Scientists at the University of New South Wales have set a new world record by creating the first silicon solar cell to achieve 25% efficiency.
Team leader, Prof. Martin Green of the university’s ARC Photovoltaic Centre of Excellence, says their world-beating solar cell is now a massive six percent more efficient than the next best technology. The record edges the current generation of solar cell technology closer to the theoretical limit of 29% efficiency.
The rise in efficiency is due to new knowledge about the composition of sunlight, leading to an improvement in the solar cell’s ability to capture more energy at the extremes of the solar light spectrum. According to Green, “These light-trapping features make our cells act as if they were much thicker than they are. This already has had an important spin-off in allowing us to work with CSG Solar to develop commercial ‘thin-film’ silicon-on-glass solar cells that are over 100 times thinner than conventional silicon cells.”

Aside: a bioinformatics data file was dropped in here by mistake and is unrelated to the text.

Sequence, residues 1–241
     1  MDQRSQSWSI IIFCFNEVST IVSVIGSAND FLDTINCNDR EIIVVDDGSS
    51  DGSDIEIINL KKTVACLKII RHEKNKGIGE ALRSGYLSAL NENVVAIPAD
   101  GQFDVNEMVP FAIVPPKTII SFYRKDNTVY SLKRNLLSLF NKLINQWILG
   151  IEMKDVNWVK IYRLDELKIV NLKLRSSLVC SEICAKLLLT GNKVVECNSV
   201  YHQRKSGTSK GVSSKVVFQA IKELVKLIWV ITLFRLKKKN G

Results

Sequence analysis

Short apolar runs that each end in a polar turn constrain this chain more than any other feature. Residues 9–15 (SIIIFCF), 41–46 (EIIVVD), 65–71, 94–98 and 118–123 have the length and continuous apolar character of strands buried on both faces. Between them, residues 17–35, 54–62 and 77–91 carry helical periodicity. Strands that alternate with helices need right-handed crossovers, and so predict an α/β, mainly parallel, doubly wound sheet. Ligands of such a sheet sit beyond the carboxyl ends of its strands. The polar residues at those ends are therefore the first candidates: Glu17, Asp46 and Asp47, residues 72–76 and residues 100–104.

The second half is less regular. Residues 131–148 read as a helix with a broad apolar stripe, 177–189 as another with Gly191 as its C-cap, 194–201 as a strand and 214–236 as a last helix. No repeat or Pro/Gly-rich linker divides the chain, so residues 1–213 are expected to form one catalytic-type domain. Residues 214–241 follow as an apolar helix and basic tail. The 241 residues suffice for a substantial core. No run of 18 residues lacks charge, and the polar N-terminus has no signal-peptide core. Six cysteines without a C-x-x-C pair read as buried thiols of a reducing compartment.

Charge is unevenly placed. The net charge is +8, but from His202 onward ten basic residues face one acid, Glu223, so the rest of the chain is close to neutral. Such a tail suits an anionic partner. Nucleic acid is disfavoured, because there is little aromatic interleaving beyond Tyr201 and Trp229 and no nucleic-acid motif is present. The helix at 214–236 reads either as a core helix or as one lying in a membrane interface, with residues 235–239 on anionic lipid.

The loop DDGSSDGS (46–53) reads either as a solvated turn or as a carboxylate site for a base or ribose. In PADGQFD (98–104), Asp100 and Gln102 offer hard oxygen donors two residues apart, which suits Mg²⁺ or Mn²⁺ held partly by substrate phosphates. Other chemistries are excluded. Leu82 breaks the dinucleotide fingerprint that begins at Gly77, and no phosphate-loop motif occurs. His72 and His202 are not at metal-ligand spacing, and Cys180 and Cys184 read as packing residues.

Negotiations for commercial production of the latest advancement are already underway, and could soon lead to a new generation of low cost, high energy output solar cells.
Image Credit – Samuele Storari via flickr.com on a Creative Commons license
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